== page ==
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Poshgod – HOT003

If there’s one thing that London’s House of Trax parties have nailed since their inception, it’s the deceptively hard task of making a good flyer. Utilizing rough-edged aesthetics from late ’80s Brooklyn house label art and borrowing images from Robert Crumb and Keith Haring, their art thrums with a vibrant secrecy –  much in the same way that finding out the local Vietnamese dance studio in your city actually doubles as an after hour club gives a certain thrill. It’s a party whose imagery is familiar enough to be recognizable, while simultaneously promising you something that you haven’t experienced before –  It’s the same feeling one gets when flipping through a used crate of records to find a white label adorned only by weird marker scrawls or a fading handstamp.

Poshgod - HOT003
Trax Couture
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House of Trax’s label arm Trax Couture has sustained that feeling of stumbling upon something special and rare with their first two releases from House of Trax resident DJ Rushmore – brashly confident amalgamations of house, grime and ballroom, their hand stamped single pressing releases accompanied by neon photocopied 8.5 x 11″ sheets of paper reminding you that they are “strictly limited edition”. The third release on Trax Couture comes from PX$H6XD, (or Poshgod, depending on your feelings about spelling in a post-internet chatroom age), a Miami based producer whose identity seems to somewhat rebel against the vinyl purism of the label’s previous releases.

PX$H6XD has released a library-sized volume of music on his own Bandcamp to date, and embodies the confusing fluidity of the internet in a way that only a digital native could. He cites mainstream hip hop icons like Wiz and Kanye as futuristic inspirations, dabbles in speaking French on Twitter, uses weird self-made Manga-inspired art on his release covers, and sports a catalogue full of tracks with titles like “Devil’s Yurin”, “Dildorifle”, and the capitalized-just-in-case-you-didn’t-get-it track, “VAGLORD”. So while the internet-age irreverence that’s embedded in PX$H6XD’s vinyl debut on Trax Couture may clash slightly with the image that the label has curated to date, it’s still an extremely engaging, self-assured offering, cramming five hectic serving of cyber wave club on a single piece of wax. It’s certainly the most jarring interpretation of house music that Trax Couture has embraced yet too.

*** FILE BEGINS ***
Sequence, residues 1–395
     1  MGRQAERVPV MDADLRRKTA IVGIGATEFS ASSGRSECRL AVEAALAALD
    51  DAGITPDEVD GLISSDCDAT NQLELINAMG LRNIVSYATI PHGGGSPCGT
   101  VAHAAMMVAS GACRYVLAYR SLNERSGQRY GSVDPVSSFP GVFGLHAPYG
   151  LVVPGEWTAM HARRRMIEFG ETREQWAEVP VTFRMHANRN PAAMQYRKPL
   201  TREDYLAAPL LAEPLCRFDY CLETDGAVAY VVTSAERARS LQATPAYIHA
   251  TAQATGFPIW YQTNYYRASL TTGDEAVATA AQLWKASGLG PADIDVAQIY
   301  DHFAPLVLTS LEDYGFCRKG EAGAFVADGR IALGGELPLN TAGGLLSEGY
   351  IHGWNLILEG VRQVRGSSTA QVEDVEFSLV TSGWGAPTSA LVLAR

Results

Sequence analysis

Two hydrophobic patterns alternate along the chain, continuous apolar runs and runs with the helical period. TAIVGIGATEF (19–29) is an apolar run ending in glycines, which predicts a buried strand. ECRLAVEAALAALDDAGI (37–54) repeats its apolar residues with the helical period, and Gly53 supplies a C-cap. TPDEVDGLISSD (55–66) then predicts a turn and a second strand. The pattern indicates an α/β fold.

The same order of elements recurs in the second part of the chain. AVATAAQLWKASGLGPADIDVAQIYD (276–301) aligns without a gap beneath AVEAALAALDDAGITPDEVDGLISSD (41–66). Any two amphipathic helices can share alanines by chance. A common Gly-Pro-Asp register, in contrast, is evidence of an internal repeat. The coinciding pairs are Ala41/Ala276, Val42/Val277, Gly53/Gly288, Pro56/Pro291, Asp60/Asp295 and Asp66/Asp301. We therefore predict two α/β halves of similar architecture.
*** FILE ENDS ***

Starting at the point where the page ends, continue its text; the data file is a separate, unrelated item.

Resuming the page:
“Juicy Chocolate” feels like navigating a war field of precariously placed MPC landmines – as the track thumps along, they jarringly fire off – barely sticking to beat, erupting when you least expect them. When inserted in the middle of a set, this retrograde remnant of jacking house is perhaps the most likely of all the offerings on this 12” to prompt chaos in the club with its off-kilter pacing, but perhaps also the most likely to plant a look of displeased confusion on the faces of more conservative dancefloor types.

Given PX$H6XD’s interest in Japanese art and futurist ghetto house, titling a track “Akira Drift” seems fitting – EQ’d in such a way that you’d think the sound engineer had a stroke in the middle of mastering, it’s as abrasively chaotic as a motorcycle getting sawed in half. Beginning with a banging cumbia-leaning pulse, its climax features vocals that sound summoned up from the depth of hell and spit through a cheap webcam microphone – be prepared to see your EQ levels pushing red when you play this one out.

Despite its relatively straightforward structure in comparison to the rest of the EP, “Dancin’ n’ Shit” sports an X-rated vocal line that’d put a smile on DJ Assault’s face; perhaps the most thematically in line with Trax Couture’s previous output thus far. “Nubian 124” cycles through rusty disco house stabs that leave one feeling queasy but simultaneously desiring a rewind – running its course in barely two minutes, it feels like it’s over before it’s even really begun. “Tittytron” is the most Detroit-electro referencing number of the bunch, with glitchy 808 programming that leaves enough empty space between beats to let the track’s rattling cowbell reverberate off the walls.

While PX$H6XD’s varied stylistic inspirations showcase a creative ADHD that can be a bit whiplash-inducing to try and keep up with, HOT003‘s relentless energy makes it a worthy addition to the Trax Couture catalogue. Much like the House of Trax aesthetic of blending the familiar with the unknown, you may feel as if you recognize the club sounds at the heart of PX$H6XD’s catalogue, but the real excitement in them comes from their belching, unapologetic weirdness.

Brendan Arnott


A1. Juicy Chocolate
A2. Akira Drift
A3. Nubian 124
B1. Dancin n Shit
B2. Tittytron